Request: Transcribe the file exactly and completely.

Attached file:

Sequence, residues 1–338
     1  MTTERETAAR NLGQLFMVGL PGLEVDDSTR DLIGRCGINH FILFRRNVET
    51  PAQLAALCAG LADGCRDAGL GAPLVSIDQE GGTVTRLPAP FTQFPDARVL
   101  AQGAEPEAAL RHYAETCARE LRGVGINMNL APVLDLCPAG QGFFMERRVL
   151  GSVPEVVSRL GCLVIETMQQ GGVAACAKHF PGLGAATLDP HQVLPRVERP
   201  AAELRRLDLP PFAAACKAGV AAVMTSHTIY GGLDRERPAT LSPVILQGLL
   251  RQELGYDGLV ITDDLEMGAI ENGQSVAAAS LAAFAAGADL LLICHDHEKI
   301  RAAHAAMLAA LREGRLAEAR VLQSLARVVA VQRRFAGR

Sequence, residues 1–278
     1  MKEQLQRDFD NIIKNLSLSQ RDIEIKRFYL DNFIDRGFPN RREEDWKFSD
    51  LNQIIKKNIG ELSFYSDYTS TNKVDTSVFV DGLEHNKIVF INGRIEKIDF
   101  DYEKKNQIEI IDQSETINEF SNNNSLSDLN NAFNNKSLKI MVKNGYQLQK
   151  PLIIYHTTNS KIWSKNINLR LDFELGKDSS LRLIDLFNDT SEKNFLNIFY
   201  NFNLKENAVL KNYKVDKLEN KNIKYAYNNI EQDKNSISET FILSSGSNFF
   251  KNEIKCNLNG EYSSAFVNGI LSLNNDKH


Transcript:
Sequence, residues 1–338
     1  MTTERETAAR NLGQLFMVGL PGLEVDDSTR DLIGRCGINH FILFRRNVET
    51  PAQLAALCAG LADGCRDAGL GAPLVSIDQE GGTVTRLPAP FTQFPDARVL
   101  AQGAEPEAAL RHYAETCARE LRGVGINMNL APVLDLCPAG QGFFMERRVL
   151  GSVPEVVSRL GCLVIETMQQ GGVAACAKHF PGLGAATLDP HQVLPRVERP
   201  AAELRRLDLP PFAAACKAGV AAVMTSHTIY GGLDRERPAT LSPVILQGLL
   251  RQELGYDGLV ITDDLEMGAI ENGQSVAAAS LAAFAAGADL LLICHDHEKI
   301  RAAHAAMLAA LREGRLAEAR VLQSLARVVA VQRRFAGR

Sequence, residues 1–278
     1  MKEQLQRDFD NIIKNLSLSQ RDIEIKRFYL DNFIDRGFPN RREEDWKFSD
    51  LNQIIKKNIG ELSFYSDYTS TNKVDTSVFV DGLEHNKIVF INGRIEKIDF
   101  DYEKKNQIEI IDQSETINEF SNNNSLSDLN NAFNNKSLKI MVKNGYQLQK
   151  PLIIYHTTNS KIWSKNINLR LDFELGKDSS LRLIDLFNDT SEKNFLNIFY
   201  NFNLKENAVL KNYKVDKLEN KNIKYAYNNI EQDKNSISET FILSSGSNFF
   251  KNEIKCNLNG EYSSAFVNGI LSLNNDKH